Tuesday, April 18, 2006

I Am Thoroughly Confused by Feminism these Days

Guest Post by Libby

I think it happened slowly. First, my son was diagnosed with a debilitating life-long disorder which has upended my family. This caused me to reconsider much of what I'd worked on when he was a baby. I'd begun graduate school when he was six months old and finished just six months after his diagnosis. My scholarly interest was in women's studies and my master's focused on women's history. What I'd envisioned for myself was a return to teaching, some sort of career tangent writing about and studying women. Perhaps a PhD too. What I discovered about feminism, I liked. It was also simple: women should be treated equally. Of course, there are lots of shades of meaning in this over time, but the message has remained at least a constant underlying one no matter when mainstream feminism took it.

And then came the disorder, the TSS's, the behavior specialists, the juggling of babysitters. Essentially all of these various nannies with their varied functions. Now, the babysitters also serve as transportation for my other children, taking them to preschool and gymnastics and the library for storytime. Sometimes two are required at the same time. All of this so that I can work. It's very unfeminist (to coin a phrase) to question whether or not all of these extra people are truly necessary, but the question is relevant because for me, these people are necessary. In a rational sense, I understand this. But deep down is the nagging feeling that I should be home and that the sitters are being deprived of their own sense of self and my son is in need of me more than trained experts.

I'm sure what's under all of this is the same engineered guilt that working mothers are taught to have by books like The Mommy Wars and surely by Caitlin Flanagan's new book, To Hell with All That. The New York Times says:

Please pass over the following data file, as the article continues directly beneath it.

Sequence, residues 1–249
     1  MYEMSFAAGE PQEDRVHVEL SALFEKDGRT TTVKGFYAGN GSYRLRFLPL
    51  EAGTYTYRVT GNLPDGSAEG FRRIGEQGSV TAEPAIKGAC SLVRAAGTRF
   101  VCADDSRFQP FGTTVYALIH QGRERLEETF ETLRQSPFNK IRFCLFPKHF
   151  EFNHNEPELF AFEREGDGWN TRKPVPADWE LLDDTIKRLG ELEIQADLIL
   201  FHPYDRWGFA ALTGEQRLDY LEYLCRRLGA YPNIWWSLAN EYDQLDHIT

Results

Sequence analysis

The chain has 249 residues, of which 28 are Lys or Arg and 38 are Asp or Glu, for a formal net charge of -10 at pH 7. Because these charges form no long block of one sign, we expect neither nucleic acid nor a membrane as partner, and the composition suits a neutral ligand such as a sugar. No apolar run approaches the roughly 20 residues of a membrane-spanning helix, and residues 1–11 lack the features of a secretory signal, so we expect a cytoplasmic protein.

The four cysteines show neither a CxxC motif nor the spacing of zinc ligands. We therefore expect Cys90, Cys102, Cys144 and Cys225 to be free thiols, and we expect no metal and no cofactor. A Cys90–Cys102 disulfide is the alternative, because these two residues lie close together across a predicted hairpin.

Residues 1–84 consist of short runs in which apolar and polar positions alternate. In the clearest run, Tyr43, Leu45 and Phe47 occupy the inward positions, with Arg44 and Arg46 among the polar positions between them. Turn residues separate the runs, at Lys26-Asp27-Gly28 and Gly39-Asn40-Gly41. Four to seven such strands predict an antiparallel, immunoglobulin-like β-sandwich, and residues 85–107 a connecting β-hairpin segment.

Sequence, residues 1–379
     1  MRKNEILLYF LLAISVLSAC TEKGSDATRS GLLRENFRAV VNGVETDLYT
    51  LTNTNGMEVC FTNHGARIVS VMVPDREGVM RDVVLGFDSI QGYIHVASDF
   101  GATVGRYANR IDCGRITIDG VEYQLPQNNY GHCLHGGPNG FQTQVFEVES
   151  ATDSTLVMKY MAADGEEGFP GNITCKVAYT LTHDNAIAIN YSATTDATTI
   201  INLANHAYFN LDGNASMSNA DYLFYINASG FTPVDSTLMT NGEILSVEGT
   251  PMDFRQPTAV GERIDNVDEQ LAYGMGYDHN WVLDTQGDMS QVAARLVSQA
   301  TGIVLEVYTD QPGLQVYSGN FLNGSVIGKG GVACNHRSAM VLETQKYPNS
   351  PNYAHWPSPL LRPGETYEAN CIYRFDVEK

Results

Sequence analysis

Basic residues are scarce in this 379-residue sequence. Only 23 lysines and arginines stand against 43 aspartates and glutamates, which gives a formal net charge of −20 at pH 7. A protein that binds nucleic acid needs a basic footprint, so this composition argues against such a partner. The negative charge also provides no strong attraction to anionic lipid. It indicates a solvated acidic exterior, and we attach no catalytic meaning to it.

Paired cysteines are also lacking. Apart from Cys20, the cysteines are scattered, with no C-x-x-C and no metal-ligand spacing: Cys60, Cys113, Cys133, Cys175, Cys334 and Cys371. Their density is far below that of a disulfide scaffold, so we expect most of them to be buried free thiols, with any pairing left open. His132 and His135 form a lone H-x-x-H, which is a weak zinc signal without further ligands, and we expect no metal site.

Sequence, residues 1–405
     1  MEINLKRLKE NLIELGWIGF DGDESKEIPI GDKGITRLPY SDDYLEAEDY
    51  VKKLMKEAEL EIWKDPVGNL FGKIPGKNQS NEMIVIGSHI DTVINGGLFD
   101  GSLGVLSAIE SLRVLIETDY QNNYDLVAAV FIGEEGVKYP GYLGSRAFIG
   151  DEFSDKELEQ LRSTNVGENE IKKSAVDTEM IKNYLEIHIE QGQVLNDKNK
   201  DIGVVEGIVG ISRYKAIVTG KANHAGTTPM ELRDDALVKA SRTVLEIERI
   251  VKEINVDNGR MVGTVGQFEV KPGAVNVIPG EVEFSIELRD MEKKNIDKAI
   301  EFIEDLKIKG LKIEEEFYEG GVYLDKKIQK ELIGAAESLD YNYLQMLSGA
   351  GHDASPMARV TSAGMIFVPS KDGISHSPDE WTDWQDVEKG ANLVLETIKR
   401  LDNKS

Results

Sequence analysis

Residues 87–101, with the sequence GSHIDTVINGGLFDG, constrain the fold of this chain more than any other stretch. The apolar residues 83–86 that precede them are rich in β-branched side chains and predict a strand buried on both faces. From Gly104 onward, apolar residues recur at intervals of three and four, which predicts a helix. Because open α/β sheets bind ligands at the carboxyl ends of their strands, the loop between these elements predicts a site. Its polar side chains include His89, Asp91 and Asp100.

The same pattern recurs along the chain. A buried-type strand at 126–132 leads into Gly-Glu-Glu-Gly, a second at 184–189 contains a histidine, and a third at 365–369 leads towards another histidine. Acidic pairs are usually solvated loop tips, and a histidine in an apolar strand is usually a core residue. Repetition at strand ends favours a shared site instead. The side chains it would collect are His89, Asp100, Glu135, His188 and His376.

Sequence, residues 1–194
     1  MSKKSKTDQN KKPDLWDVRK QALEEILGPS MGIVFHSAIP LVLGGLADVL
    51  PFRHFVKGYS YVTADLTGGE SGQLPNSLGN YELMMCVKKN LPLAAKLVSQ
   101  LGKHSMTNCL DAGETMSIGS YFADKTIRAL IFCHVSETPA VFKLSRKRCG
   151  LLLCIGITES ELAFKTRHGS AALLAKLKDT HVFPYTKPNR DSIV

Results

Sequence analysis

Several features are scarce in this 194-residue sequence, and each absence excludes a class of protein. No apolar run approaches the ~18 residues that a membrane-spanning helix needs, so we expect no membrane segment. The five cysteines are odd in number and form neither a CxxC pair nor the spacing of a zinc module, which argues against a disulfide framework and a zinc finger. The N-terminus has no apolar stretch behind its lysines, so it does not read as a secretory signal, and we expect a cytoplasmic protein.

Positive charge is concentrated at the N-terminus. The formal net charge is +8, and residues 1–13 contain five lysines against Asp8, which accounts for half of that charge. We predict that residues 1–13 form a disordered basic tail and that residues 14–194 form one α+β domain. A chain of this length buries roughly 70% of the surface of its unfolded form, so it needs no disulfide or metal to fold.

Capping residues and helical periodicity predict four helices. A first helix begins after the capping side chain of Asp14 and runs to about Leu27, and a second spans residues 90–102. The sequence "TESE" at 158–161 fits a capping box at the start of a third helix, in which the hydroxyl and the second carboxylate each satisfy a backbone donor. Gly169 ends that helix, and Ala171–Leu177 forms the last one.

What makes Flanagan's book original and vital is that she is a realist, willing to acknowledge the essential gray areas in too often polarized positions. As it stands, sensitivities are so attuned to the slightest insult of any one of women's myriad work-life choices that Flanagan's simplest observations — for example, when a woman works something is lost — are taken as an indictment of working women. Yet any working mother can see the truth in such a statement: time spent working = less time with children = something lost. What's appalling is that pointing this out raises such ire.

She does raise ire - her articles in the Atlantic Monthly regularly piss me off, in part because she's on to something there. She plays to my fear that my working takes something from my children and that, especially with my youngest's disorder, my working is selfish (and yet this is the same writer who confesses that the only way she could successfully be a stay-at-home mom was with a nanny!).

All of this is to say that I still feel ambivalent about mothers, both those who work and those who stay at home, but more so now than ever before. Are those who are at home subjugating their needs in exchange for the tediousness and drudgery of home? Or are they simply waiting for their children to leave the nest so they can pursue their own lives? Are those who work subjugating the needs of their families in exchange for their own satisfaction? What about women who *must* work?